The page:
Amazon Prime Now drivers complain about payment - Insane Visions

Amazon Prime Now drivers complain about payment

Just a few weeks have passed since the Amazon Prime Now service was launched in Los Angeles and other metropolitan areas and the first scandal related to the service is about the start, according to Huffington Post.

The service, which promises one and two-hour deliver times for a wide variety of products available in the retailer’s offer, basically relies on drivers, who, apparently, are receiving less money than promised.

The payment was way beyond the minimum wage. Apparently…

Four Amazon Prime Now former drivers, from Southern California, claim that they have made deliveries for about a month, right before filling complaints, due to violations of the minimum wage and overtime pay laws.

As the same source states, they have even intended a lawsuit, which is another proof of Amazon’s ‘unusual’ methods of keeping prices low by keeping labor costs low in its logistics network.

Still, it seems that the drivers that filed complaints were not actually Amazon employees, as they had agreements as “independent contractors”, working for a courier service called Scoobeez.

In the end, who is right and who is not?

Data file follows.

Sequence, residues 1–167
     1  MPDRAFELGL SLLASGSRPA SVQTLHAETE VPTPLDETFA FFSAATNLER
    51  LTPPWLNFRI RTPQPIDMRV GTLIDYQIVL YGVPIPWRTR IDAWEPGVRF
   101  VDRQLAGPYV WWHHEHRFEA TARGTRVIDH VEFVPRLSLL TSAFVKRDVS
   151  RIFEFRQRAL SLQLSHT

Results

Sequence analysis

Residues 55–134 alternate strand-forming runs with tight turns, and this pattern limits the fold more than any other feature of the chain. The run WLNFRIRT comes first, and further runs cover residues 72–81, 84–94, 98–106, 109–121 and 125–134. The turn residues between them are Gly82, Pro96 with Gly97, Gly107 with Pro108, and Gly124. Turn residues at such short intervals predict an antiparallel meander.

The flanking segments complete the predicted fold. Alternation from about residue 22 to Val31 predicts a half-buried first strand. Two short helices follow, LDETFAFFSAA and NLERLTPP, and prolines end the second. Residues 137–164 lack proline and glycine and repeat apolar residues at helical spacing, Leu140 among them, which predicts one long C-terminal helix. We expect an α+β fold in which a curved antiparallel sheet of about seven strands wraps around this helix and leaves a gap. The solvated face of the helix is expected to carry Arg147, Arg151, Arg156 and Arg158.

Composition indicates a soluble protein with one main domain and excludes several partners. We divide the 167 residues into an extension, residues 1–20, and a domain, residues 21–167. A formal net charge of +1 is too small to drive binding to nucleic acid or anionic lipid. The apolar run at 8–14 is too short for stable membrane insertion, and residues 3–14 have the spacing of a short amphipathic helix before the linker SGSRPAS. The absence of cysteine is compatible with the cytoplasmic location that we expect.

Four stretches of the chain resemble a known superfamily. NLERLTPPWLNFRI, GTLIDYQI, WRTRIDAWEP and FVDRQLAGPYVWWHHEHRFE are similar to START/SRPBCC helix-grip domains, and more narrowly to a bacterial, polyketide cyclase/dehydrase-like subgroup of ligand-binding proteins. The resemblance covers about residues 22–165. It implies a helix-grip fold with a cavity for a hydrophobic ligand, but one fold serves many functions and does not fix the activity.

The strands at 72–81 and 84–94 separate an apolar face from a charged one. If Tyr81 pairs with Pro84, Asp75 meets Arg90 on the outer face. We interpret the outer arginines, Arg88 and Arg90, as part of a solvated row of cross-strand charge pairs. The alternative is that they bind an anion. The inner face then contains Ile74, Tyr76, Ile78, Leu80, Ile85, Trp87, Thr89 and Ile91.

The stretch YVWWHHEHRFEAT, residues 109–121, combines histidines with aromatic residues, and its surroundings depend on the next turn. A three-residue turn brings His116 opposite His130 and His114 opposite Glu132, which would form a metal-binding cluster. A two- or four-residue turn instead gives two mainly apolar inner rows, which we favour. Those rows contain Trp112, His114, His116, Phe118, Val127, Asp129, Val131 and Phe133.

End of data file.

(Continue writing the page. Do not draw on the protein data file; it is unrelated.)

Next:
The latter has a contract with Amazon, so the retailer isn’t obliged to pay taxes, compensation costs or unemployment insurance taxes for them. Besides this, since they’re independent contractors, Scoobeez doesn’t deal with these costs either, so the drivers must cover all these expenses by themselves, alongside car service and gasoline.

The claim filed by the Amazon Prime Now drivers states that the arrangement between the retailer and Scoobez runs afoul of labor law, as after covering all costs, the drivers would fall behind California’s minimum wage of $9 per hour.

“This is brand-new ground for Amazon. They have the opportunity to make it right before this becomes a very entrenched business practice. They can set themselves apart from the rest of so-called sharing economy.” Beth¬†Ross, the attorney who filed the case intended by the Amazon Prime Now drivers said of the service.